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Thursday, February 28, 2013

Alex Shvartsman on Humor, Subjectivity, and Slush


This week's guest talks about fiction-writing from a different perspective: as an editor. Alex Shvartsman, whose own collection of published science fiction stories would stretch from here to Cleveland if laid end to end, has edited an anthology called Unidentified Funny Objects. He shares with us an insider's view about the difficult task of picking stories from the pile of submissions.

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Humor is subjective.

This was the mantra of my associate editors and I as we read submissions for Unidentified Funny Objects last year. My stated goal was to collect a wide assortment of humorous stories and to feature a variety of styles and sub-genres that would offer something for every palate. But how to make certain that my personal tastes don’t skew the book toward the kind of humor *I* like at the expense of what other readers might enjoy? In order to build a healthy, balanced collection, I developed a slush system that’s quite different from most publications.

Each story we received was read by the first reader (in most cases it was me, only about 20% of the stories were seen by one of the other editors first). The first reader’s job was to look for stories that *might* be a good fit even if they weren’t that reader’s personal favorite. This culled well over 80% of the submissions and left us with a handful of very strong contenders.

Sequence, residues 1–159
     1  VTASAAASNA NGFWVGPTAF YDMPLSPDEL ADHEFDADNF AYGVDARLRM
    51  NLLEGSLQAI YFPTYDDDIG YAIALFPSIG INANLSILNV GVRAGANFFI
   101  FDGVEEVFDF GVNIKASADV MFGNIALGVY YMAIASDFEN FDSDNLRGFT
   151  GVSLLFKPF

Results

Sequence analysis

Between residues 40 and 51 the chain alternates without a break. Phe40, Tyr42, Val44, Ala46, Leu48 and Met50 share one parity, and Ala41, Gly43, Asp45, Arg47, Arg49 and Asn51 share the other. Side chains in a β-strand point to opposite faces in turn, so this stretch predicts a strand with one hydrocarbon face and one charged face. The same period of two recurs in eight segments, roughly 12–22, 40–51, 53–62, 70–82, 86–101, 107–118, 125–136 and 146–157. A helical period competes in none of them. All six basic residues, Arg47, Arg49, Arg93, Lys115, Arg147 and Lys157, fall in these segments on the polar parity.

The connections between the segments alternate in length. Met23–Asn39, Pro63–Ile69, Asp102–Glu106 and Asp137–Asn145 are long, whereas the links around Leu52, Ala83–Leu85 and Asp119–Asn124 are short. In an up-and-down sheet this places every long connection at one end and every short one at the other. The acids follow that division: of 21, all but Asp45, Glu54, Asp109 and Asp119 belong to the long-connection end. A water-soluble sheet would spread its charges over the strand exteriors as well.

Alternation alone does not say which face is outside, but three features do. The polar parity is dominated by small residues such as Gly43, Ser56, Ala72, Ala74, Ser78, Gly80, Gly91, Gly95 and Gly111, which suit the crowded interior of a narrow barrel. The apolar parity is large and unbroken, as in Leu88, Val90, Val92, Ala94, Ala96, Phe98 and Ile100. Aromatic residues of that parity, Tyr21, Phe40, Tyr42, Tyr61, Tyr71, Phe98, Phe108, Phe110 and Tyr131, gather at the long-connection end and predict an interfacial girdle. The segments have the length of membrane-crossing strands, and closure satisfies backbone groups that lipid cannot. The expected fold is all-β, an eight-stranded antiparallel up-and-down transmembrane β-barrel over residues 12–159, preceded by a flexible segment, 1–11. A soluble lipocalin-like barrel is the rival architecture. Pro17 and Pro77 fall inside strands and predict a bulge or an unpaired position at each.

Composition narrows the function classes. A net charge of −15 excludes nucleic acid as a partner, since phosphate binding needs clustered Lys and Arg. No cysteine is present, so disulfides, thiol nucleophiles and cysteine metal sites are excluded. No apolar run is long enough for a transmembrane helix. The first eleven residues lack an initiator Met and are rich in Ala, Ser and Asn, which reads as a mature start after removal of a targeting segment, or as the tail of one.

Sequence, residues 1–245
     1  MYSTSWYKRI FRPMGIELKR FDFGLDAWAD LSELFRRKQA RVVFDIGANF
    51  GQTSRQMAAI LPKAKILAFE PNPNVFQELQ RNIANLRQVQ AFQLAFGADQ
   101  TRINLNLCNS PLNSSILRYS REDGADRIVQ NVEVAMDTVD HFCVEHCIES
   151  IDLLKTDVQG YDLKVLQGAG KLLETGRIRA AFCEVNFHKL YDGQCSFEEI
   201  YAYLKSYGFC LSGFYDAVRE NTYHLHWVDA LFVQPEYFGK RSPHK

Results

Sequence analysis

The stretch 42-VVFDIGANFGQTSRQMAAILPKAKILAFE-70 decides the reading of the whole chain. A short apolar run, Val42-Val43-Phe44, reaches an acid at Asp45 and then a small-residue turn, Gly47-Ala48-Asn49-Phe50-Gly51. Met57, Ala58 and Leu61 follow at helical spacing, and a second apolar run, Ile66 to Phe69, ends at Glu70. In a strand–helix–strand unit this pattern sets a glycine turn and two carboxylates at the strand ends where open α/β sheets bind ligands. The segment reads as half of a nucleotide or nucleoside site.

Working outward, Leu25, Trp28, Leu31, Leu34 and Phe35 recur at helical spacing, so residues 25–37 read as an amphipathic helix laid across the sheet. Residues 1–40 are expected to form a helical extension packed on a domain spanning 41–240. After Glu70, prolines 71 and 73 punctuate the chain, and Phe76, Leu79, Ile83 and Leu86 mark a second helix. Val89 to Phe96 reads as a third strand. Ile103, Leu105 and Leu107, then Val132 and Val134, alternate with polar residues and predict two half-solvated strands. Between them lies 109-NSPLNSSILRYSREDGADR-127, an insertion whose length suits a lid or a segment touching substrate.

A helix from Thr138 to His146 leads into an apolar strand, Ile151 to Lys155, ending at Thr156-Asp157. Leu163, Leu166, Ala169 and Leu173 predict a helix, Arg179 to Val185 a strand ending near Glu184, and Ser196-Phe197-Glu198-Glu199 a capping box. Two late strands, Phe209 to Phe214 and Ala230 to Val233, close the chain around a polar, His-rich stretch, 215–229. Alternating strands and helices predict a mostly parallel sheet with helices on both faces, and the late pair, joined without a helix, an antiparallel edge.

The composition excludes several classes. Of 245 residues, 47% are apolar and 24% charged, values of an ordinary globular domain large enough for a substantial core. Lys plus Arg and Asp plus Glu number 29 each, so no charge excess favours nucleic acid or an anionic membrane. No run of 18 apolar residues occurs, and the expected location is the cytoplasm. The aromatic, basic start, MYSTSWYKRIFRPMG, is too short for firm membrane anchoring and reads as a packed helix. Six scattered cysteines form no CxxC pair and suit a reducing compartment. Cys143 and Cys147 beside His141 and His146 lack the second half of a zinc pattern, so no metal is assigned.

Each story that made it past the first reader was stripped of any personal information and sent out to 5+ associate editors for evaluation. Anonymity was meant to help the editors judge the story solely on its merit – they didn’t know whether they were reading a submission by a Nebula winner or by a previously unpublished author.

Each editor offered a Yes, No, or Maybe vote with some comments. Based on those votes and feedback I either released the story back to the author, held it until the end of the reading period, or (in a few rare cases) bought it immediately because I knew I had to have it for the book.

I ended up buying 29 stories out of over 900 submissions. Do you know how many of those 29 received a unanimous vote from the associate readers? None. Not a single one. Because--say it with me--humor is subjective.

I don’t truly expect any one reader to enjoy every single story collected in this book. However, I strongly believe that almost anyone will find multiple stories they can love. Both readers and critics have been very kind to the volume so far, sharing this sentiment.

But don’t take their word for it – you can read a number of additional bonus stories posted for free at www.ufopub.com -- and if you are a Twitter user, may I suggest that you begin with this one: http://www.ufopub.com/twitter
Unidentified Funny Objects is available as trade paperback and eBook at Amazon, B&N, and Kobo, as well as directly from UFO Publishing:


3 comments:

  1. 'Unidentified Funny Objects' sounds like an exciting collection. Wishing Alex and all writers involved the very best!

    'I don’t truly expect any one reader to enjoy every single story collected in this book.' I remember reading a short story collection from a beloved author and I only enjoyed few of them. Yet that didn't stop me from chasing after his next book. Because those few stories I'd enjoyed were stunning, and that was enough for me.

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  2. This book looks really fun! Love the cover. I think every anthology book contains some stories I enjoy, and some I don't, so it makes sense that it's not an easy task to edit and select stories. I do so enjoy a book filled with different stories though.

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  3. That's the trick with assembling a great anthology - I think you don't WANT every story to resonate perfectly with every reader, because then where's the challenge and the discovery?

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